- Date of birth: June 6, 1834
- Place of birth: Antwerp, New York
- Claim to fame: Colonel of Jennison's Jayhawkers (7th Kansas Volunteer Cavalry) and 15th Kansas Volunteer Cavalry, 1861-1864; fought in Price's Raid; served in Kansas House of Representatives, 1865-1869, and Kansas State Senate, 1872-1876
- Political affiliations: Republican Party
- Nickname: "Doc" Jennison
- Date of death: June 21, 1884
- Place of death: Leavenworth, Kansas
- Cause of death: Illness (Unknown)
- Final resting place: Greenwood Cemetery, Leavenworth, Kansas
Charles R. Jennison, abolitionist and federal cavalry colonel, was born on June 6, 1834, in Antwerp, in upstate New York’s famed “Burned-Over District,” so named for its fervid evangelical religious revivals that were foundational to Northern antislavery reform. In 1846, his family moved to Albany, in southern Wisconsin, where he studied and briefly practiced medicine. With an enclave of New Englanders and New Yorkers, the village was a hotbed of abolitionism. After a short stint in southwestern Minnesota, he moved his young family in 1857 to Osawatomie, Kansas, perhaps not coincidentally the home of John Brown, whose by then notorious radical politics Jennison would soon emulate.
Jennison frequently acted as a vigilante, including harassing a district court judge at Fort Scott for what he considered biased proslavery rulings.
Jennison moved to Mound City in 1857, where he affiliated with James Montgomery and participated in his jayhawking forays against proslavery residents in Kansas and Missouri. Jennison frequently acted as a vigilante, including harassing a district court judge at Fort Scott for what he considered biased proslavery rulings. But he did far more. On at least two different occasions, Jennison ordered proslavery men hanged under his direct leadership. The more widely known incident occurred on November 12, 1860, when Jennison’s posse “tried” and lynched Russell Hinds for capturing and returning escaped slaves to Missouri and accepting a small reimbursement.
In February 1861, Jennison was appointed captain of a local militia unit, the Mound City Guards, which was active patrolling the border counties south of Kansas City in the first months of the war. In late October 1861, with authorization from Governor Charles Robinson, Jennison mustered and organized the 7th Kansas Cavalry and commanded it as a newly commissioned lieutenant colonel. Owing to its hard-line tactics toward civilians in western Missouri, this regiment, which was soon known as “Jennison’s Jayhawkers,” would earn a reputation as perhaps the most extreme of those operating in the entire Trans-Mississippi theater.
“Jennison’s Jayhawkers” would earn a reputation as perhaps the most extreme of those operating in the entire Trans-Mississippi theater.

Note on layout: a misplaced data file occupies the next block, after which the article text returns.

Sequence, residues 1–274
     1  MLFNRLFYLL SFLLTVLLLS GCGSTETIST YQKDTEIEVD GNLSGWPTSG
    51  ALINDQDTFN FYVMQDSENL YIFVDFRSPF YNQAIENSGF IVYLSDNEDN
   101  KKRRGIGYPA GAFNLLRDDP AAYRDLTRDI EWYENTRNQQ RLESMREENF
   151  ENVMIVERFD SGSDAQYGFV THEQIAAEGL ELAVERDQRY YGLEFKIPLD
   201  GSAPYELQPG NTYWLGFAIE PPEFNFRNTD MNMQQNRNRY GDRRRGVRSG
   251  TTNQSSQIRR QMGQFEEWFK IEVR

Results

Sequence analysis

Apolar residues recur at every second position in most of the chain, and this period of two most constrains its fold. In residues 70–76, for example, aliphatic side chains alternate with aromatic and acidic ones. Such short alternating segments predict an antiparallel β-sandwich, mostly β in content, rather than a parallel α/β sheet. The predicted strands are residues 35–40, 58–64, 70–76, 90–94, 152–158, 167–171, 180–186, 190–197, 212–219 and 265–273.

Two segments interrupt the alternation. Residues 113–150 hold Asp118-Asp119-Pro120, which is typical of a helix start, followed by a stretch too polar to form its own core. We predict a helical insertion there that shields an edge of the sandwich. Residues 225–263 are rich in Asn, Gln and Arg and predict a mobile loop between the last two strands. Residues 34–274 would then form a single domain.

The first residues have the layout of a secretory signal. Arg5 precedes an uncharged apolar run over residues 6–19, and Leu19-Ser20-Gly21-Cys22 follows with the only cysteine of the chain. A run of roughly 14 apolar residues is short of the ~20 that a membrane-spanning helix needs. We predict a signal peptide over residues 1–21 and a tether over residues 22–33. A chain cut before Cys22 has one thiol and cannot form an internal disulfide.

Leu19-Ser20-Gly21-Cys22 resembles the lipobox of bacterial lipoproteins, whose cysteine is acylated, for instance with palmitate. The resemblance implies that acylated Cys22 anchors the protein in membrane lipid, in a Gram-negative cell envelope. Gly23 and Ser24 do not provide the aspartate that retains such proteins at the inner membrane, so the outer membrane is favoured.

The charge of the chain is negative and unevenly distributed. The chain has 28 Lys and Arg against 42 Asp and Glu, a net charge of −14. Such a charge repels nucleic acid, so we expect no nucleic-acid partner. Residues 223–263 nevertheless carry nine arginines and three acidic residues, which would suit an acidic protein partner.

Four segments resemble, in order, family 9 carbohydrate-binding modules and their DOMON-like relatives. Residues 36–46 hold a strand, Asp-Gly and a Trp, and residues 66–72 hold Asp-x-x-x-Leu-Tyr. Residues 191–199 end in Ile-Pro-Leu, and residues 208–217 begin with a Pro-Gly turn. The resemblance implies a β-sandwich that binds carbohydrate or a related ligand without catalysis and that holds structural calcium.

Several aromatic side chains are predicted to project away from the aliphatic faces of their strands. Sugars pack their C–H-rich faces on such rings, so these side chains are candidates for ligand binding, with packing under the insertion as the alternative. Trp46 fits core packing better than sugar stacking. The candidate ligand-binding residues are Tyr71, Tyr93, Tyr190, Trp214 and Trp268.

Jennison soon exceeded his authority to defend the Kansas border counties against General Sterling Price’s army, then positioned in central Missouri after the Battle of Lexington. Henry W. Halleck, the new commander of the Department of the Missouri, criticized Jennison for “cross[ing] the line, [to] rob, steal, plunder, and burn whatever they can lay their hands upon.” At Independence, Jennison arrested every adult male, admonished accused secessionists for their depredations against Unionists, and then after releasing them, kept the secessionists’ possessions, including slaves. He was soon accused of similarly plundering Missouri’s proslavery Unionists.
In April 1862, while stationed at Lawrence, Jennison learned that he and his controversial regiment had been ordered to New Mexico, an obvious ploy by the War Department to move them far away from Missouri slaveholders. Furious about this, as well as the perceived slight when James G. Blunt was promoted over Jennison to Kansas’s second brigadier-generalship, he resigned his army commission, and accused the Lincoln government of supporting slavery. Jennison was briefly arrested for encouraging his men to desert. For the next year and a half, he led a “red leg” militia unit.
In August 1863, William Quantrill’s raid on Lawrence, Kansas, prompted calls for retaliatory warfare against guerrillas and the civilians who supported them. Jennison’s hard-line reputation prompted Kansas Governor Thomas Carney to commission him a colonel in the state militia. This authorized Jennison to raise a regiment of cavalry, which he would lead for the next year, largely in the border district he now commanded.
During Price’s Raid in the fall of 1864, Jennison commanded a Kansas militia brigade that saw action at Little Blue, Independence, Westport, Marais des Cygnes, Mine Creek, and Newtonia. (Jennison’s former regiment, the 7th Kansas, had also returned to Missouri and fought against Price.) In December, after Price’s forces had retreated from Missouri, Jennison was again arrested for renewed jayhawking there. He was court-martialed, found guilty, and dismissed on June 23, 1865.
The triumphant postwar political climate in Kansas quickly revived Jennison’s sullied reputation. Having moved to Leavenworth, Kansas, in 1865, he served in the city council and as ex officio mayor. Later that year, he was elected to the Kansas House of Representatives and was reelected in 1867. In 1871, he was elected for one term to the Kansas Senate. He died at Leavenworth on June 21, 1884.
Castel, Albert E. A Frontier State at War: Kansas 1861-1865. Ithaca: Cornell University Press, 1958.
Starr, Stephen Z. Jennison's Jayhawkers: A Civil War Cavalry Regiment and Its Commander. Baton Rouge: Louisiana State University Press, 1973.